A presidential speech at a commencement confers a substantial amount of prestige onto a university, at least under normal circumstances. This Sunday, though, Notre Dame students believe the university will damage its prestige and its mission as a Catholic university by honoring President Barack Obama with a doctorate in his appearance. They have mobilized to protest the award and the invitation, and in the process the students and faculty may be teaching Notre Dame instead of the other way around:
In defense of the unborn, we wish to express our deepest opposition to Reverend John I. Jenkins, C.S.C.’s invitation of President Barack Obama to be the University of Notre Dame’s principal commencement speaker and the recipient of an honorary degree. Our objection is not a matter of political partisanship, but of President Obama’s hostility to the Catholic Church’s teachings on the sanctity of human life at its earliest stages. Further, the University’s decision runs counter to the policy of the United States Conference of Catholic Bishops against honoring pro-choice politicians. We cannot sit by idly while the University honors someone who believes that an entire class of human beings is undeserving of the most basic of all legal rights, the right to live.
Additionally, Fr. Jenkins has put some of his students into a position of moral dilemma as to whether they should attend their own graduation. Many pro-life seniors, along with their families, now feel personally conflicted about participating in the commencement. The lack of concern for these devoted sons and daughters of Notre Dame, who love this University and the Catholic principles on which it was built, is shameful.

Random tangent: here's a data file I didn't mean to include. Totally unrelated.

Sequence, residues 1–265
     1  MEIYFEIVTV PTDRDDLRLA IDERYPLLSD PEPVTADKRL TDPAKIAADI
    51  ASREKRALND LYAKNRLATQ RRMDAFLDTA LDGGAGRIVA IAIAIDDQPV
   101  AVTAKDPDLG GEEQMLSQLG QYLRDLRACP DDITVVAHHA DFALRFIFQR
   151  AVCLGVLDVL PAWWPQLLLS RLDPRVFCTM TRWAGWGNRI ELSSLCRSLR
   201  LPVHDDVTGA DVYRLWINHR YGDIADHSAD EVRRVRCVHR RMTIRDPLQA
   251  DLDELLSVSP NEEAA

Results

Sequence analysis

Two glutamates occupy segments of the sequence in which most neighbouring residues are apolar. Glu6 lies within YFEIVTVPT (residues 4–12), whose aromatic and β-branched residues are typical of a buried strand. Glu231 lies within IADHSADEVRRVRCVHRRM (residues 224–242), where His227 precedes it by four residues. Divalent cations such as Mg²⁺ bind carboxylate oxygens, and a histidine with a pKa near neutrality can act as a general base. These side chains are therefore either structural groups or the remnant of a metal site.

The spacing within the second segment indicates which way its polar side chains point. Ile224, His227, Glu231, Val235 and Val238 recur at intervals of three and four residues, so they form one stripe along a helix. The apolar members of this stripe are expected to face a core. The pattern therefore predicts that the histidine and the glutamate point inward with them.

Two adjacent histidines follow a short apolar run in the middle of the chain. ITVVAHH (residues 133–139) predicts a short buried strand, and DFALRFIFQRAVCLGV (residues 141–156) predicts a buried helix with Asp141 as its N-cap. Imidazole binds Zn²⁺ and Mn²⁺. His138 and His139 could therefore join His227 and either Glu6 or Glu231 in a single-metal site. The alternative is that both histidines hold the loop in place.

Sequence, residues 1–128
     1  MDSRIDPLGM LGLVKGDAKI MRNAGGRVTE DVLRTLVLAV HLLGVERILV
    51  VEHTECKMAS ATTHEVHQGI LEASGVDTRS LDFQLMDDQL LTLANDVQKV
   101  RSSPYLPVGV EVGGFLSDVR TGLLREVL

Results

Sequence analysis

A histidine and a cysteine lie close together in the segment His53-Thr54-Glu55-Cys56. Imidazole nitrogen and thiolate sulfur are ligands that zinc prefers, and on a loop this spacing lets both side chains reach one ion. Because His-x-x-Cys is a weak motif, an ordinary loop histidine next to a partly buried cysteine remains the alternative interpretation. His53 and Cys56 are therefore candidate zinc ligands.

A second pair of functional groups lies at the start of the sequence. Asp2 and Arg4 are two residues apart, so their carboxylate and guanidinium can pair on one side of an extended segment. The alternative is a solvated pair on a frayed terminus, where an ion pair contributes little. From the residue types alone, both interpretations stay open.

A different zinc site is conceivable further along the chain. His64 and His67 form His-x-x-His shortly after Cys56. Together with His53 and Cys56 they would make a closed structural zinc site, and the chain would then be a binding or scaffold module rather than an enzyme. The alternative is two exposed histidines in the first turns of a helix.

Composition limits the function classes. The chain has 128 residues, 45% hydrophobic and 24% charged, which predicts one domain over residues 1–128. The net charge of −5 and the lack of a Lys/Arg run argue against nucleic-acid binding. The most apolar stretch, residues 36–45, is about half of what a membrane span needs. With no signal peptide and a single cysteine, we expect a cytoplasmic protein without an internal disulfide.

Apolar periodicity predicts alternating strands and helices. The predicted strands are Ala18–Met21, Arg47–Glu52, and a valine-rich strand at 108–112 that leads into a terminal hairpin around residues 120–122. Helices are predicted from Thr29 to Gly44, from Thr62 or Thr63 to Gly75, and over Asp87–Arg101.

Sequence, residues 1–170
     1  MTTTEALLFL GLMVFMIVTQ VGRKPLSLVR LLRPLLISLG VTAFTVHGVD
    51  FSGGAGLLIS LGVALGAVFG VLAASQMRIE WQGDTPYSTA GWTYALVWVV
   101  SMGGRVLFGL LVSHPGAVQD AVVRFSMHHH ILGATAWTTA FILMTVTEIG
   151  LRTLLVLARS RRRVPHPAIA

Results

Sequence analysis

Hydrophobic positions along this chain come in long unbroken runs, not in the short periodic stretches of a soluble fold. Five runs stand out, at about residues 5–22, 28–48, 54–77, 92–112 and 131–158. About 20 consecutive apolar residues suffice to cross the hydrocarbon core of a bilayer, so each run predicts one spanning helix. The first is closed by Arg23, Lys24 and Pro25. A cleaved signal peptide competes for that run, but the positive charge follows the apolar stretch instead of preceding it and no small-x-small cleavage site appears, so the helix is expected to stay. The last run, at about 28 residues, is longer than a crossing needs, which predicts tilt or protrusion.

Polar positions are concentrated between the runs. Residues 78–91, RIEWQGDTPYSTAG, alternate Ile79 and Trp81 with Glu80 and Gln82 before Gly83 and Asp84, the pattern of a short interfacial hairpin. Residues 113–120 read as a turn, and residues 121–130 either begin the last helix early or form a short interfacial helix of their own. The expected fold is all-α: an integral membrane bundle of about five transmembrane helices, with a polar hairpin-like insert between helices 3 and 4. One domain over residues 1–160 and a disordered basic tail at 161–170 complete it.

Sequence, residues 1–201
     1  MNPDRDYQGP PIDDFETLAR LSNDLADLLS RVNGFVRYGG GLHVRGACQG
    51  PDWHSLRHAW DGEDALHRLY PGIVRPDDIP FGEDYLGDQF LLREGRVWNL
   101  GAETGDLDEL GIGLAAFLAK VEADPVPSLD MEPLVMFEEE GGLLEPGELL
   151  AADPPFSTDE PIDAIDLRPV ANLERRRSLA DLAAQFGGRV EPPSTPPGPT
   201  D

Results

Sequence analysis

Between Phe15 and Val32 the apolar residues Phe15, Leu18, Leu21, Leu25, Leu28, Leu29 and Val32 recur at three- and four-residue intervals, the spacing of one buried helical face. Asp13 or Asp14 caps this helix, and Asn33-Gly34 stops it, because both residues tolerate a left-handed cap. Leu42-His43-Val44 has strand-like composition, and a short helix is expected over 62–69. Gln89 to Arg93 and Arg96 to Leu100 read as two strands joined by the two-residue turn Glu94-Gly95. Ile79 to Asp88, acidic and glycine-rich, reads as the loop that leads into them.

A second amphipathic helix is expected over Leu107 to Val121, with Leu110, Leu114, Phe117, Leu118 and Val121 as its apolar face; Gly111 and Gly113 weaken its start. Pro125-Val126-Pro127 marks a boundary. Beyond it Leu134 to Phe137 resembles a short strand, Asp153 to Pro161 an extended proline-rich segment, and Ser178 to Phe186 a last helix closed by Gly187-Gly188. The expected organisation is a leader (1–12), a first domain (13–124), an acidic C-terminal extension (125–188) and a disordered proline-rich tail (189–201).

As a Catholic, I’m less concerned about the invitation to speak at the campus. Universities exist to debate issues great and trivial, and opposing points of view should be welcomed, but also challenged. Obama’s commencement speech will probably not touch on abortion and the sanctity of life, especially after this controversy, but if it does, the university will have no structure in place to challenge Obama’s rhetoric on the subject.
The honoring of Obama with a doctorate is what gives Catholics offense. The US Conference of Catholic Bishops had just warned about honoring politicians who support abortion as antithetical to the church’s core value of the sanctity of life. It trades a momentary boost in prestige against serious damage to that core mission, on which most of the social-justice efforts of the church rely after all, if human life has no sanctity, then why bother with the poor and hungry? Honoring Obama after his life’s record of opposing even the most broadly-supported restrictions on abortion, such as the Born Alive Infant Protection Act’s Illinois equivalent, is shameful indeed.
I’ll be traveling on Sunday and will probably miss the Notre Dame protest, but from the looks of this video, the activists have the resources and skills to gain national attention. It could be a tremendous teaching moment if ND Response can pull it together.